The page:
In the summer of 2008 when the term “gluten” first entered my realm of awareness, I was enjoying a lifetime of excellent health except for the occasional cold or flu. In the summer of 2009 I was devastated to be diagnosed with a chronic and progressive kidney disease called Focal Segmental Glomerulosclerosis (or simply, FSGS) w/nephrotic syndrome. Like celiac disease, FSGS is an inflammatory disease, enflaming and scarring the glomeruli, or filtering system, of the kidneys. It was also that summer that I discovered that eliminating gluten from my diet put my disease into spontaneous, full remission, an extremely rare occurrence. I am on no medication, and have better health than ever before. Because of my fortune of getting my life back in short order, I want to share my experience with others so that others can be aware that eating gluten free does not only benefit those with celiac disease.
How did I get so lucky to go from health to serious illness back to health in a short period of time?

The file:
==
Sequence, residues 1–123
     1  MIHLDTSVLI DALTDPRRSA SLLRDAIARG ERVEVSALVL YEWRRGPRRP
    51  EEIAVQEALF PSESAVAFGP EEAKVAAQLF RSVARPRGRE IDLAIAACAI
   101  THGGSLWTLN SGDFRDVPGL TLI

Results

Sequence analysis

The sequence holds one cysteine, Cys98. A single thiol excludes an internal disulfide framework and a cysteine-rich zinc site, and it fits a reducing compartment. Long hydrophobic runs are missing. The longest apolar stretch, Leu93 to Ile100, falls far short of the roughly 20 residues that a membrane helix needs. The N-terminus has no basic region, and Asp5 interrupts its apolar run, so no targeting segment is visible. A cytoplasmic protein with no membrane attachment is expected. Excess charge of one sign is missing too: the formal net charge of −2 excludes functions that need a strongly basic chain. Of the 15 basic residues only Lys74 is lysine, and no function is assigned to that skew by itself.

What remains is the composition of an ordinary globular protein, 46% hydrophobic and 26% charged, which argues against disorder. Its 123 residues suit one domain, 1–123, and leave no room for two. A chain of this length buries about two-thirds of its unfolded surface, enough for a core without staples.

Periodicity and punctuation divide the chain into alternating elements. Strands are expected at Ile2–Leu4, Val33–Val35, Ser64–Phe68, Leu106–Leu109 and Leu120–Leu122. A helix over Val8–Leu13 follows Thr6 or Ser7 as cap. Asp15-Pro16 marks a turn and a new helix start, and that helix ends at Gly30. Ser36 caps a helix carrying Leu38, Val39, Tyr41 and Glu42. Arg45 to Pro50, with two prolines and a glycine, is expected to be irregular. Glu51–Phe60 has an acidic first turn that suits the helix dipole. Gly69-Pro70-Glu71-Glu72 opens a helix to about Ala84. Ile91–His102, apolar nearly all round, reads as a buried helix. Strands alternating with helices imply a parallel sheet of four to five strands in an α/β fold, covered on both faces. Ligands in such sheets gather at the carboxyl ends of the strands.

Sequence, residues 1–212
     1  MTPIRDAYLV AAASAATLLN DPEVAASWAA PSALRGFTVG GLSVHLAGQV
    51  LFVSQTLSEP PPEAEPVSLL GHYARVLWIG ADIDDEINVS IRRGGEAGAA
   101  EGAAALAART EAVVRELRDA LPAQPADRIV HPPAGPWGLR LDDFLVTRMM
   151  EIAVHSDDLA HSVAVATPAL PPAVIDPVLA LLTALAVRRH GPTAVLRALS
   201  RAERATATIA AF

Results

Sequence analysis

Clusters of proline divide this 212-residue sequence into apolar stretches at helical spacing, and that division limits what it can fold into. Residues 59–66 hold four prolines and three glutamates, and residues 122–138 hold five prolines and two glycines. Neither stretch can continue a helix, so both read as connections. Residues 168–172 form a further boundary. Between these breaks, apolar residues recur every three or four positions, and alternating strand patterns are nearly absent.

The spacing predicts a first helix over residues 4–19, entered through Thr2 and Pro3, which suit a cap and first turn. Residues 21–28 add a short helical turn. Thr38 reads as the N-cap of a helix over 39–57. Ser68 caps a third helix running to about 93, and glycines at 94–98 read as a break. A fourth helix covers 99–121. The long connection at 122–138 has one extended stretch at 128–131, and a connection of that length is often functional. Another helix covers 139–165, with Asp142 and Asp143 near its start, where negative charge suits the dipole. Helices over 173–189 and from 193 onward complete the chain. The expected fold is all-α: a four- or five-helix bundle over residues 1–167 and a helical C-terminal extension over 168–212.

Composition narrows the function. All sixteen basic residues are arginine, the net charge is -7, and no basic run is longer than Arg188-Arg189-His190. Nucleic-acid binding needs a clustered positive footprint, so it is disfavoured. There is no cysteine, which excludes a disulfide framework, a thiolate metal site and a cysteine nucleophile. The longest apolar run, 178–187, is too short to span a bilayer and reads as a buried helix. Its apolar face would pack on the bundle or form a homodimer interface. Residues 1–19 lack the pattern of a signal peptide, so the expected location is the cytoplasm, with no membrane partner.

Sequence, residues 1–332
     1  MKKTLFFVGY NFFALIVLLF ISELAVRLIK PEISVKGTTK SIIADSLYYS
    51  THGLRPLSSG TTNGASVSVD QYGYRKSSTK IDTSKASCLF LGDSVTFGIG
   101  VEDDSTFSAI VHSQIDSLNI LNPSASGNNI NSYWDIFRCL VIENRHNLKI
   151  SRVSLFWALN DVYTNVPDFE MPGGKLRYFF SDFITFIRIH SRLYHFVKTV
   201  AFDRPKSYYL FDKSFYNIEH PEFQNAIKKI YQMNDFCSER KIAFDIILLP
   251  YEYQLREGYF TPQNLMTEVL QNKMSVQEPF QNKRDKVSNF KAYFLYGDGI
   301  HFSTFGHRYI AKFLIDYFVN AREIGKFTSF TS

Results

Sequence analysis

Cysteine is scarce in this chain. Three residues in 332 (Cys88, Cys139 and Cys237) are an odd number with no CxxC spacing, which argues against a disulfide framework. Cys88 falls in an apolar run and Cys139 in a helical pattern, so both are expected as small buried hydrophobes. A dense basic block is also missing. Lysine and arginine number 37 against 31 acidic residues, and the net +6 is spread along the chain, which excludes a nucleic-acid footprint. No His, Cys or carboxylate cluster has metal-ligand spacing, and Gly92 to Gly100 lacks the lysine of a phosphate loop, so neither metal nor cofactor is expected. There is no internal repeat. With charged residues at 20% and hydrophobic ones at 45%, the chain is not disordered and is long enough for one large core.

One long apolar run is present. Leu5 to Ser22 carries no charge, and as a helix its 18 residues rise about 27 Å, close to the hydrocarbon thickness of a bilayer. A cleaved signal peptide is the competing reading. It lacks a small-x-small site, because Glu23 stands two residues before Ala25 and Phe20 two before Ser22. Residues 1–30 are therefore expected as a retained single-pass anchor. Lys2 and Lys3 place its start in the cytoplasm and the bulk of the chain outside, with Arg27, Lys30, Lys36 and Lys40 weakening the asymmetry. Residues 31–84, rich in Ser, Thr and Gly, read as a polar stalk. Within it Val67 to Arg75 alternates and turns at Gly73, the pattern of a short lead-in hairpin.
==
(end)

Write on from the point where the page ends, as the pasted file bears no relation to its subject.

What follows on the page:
In the summer of 2008, as is increasingly common, my college dorm mate from 1981-82 and roommate from 1983-84 at Indiana University located me on Facebook, and we began conversing. While we met in the heartland of the US nearly 30 years ago, we found ourselves living on opposite coasts 24 years later. While I had enjoyed excellent health, my friend revealed that, after a lifetime of suffering, she had been diagnosed with celiac disease two years earlier and was eating a gluten free diet. Remembering our pizza and beer days in college and her subsequent belly aches, it all made sense. I had never heard of “gluten” or “celiac disease” but I educated myself after learning of her diagnosis. We grew closer, and have taken several vacations together since then. While with her, out of support, I ate gluten free with her. I also gave up beer altogether that summer, as it’s one thing she said she sorely missed. Little did I know that eating gluten free with her was merely a dress rehearsal for what was to become my lifestyle less than a year later out of a need to save my own life.
My health crashed & burned in the summer of 2009. I didn’t see it coming. I had seemingly sudden and unexplained weight gain caused by edema, hypertension, and high cholesterol. All signs pointed to a kidney problem, so I immediately put myself on a renal diet that happened to be nearly gluten free. A renal biopsy confirmed the diagnosis of FSGS with nephrotic syndrome. While my nephrologist said to me “there’s no cause and therefore idiopathic,” I retorted, “there is a cause, but you just don’t know what it is.” He conceded that I had a point.